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Know your electric vehicles

Robert Scoble- Creative Commons

Robert Scoble- Creative Commons


By Michael Philp
Beat The Traffic
@mikeinbkgd_BTT
Wednesday, February 26, 2014, 8:22 AM

Looking to green up your ride? Maybe you just want to save a little gas. There’s more options than ever thanks to a growing range of hybrid and electric cars. If you’re shopping for one, you might get confused by the different types, and how to maintain them. It’s good to know what you’re getting yourself into.

Hybrid cars work by combining an electric motor with a conventional gasoline engine.

Parallel hybrids are the most traditional type. The electric motor assists with getting the vehicle moving, and recovers energy while braking. Since starts and stops are the hardest on your engine, it saves fuel by taking the load off. They also shut the engine down when the car is idling to save even more gas. This type performs best in heavy traffic or on longer trips.

Series hybrids use an all-electric drive train. The gas engine runs a generator instead of being connected to the wheels. When the batteries are drained, it starts up to charge them and provide electricity to the motors. They’re the most efficient for city driving and short trips.

Power-Split hybrids combine both technologies into a more efficient package. The engine can either turn the wheels or a generator, making it well suited for all driving conditions.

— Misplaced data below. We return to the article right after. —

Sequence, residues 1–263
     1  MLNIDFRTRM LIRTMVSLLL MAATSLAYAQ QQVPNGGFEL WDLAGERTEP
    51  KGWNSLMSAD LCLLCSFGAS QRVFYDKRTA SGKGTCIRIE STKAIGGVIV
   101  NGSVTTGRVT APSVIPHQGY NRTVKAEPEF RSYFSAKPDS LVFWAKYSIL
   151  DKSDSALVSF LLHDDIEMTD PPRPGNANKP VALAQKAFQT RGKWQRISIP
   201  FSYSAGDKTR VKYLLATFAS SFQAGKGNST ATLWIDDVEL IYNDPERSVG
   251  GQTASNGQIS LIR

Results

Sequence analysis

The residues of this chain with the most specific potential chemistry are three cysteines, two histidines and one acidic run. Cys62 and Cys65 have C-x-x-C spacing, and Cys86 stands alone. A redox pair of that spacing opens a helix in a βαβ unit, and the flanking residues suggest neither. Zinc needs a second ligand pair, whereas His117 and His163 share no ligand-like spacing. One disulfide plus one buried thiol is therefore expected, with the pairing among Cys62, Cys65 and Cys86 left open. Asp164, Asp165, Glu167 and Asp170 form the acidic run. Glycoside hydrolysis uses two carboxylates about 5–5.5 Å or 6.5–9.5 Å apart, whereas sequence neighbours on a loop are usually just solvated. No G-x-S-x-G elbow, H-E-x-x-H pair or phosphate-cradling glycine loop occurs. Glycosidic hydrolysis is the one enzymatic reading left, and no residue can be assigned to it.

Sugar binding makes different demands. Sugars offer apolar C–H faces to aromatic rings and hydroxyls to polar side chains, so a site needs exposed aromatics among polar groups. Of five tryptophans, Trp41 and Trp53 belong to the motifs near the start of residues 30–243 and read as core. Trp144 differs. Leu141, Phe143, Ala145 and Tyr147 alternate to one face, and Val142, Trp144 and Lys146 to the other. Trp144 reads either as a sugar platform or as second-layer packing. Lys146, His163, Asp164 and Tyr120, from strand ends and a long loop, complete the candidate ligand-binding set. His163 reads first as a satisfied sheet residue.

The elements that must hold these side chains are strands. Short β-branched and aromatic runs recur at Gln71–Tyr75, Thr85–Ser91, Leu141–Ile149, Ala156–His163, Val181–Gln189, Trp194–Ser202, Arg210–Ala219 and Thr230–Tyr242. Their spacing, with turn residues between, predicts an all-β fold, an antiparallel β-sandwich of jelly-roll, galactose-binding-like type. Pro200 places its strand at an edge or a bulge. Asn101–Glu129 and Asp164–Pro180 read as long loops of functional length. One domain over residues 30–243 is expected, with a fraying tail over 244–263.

Plug-in hybrids have a battery that can be recharged at home as well as by the engine. They tend to have a longer all-electric range than other vehicles but have a gas engine as well, in case you need to go further.

No matter what kind of hybrid you buy, they all require the same kind of maintenance. You’ll need to do oil and fluid changes on the gas engine at regular intervals, perhaps change the spark plugs after a few years. Many hybrids don’t use belts, opting for electric motors to run the pumps and air conditioning. That’s one small area where you can save on maintenance.

Replacing the batteries are the one big expense for hybrids, costing several thousand dollars. However, most will last the lifetime of the car with typical driving.


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Electric vehicles are entirely different. They don’t have a gas engine at all,. Jjust batteries and motors. These are completely emission free vehicles, especially if your electricity comes from a renewable source. They’re now coming in a wide range of models, from econo-boxes to powerful super cars. Since hydro is usually cheaper than gas, you’ll save quite a bit on driving costs. They also require next to no maintenance since there’s no oil to change and they have fewer moving parts.

EVs do have some pretty big drawbacks though. Unless you get expensive luxury models, range anxiety can be an issue. 160km is a typical ballpark range for consumer level EVs. Since they take several hours to recharge, drivers have to plan their trips carefully to avoid running out of juice. They’re also more expensive to buy than both hybrids and conventional cars. Something to keep in mind when shopping for your next vehicle.

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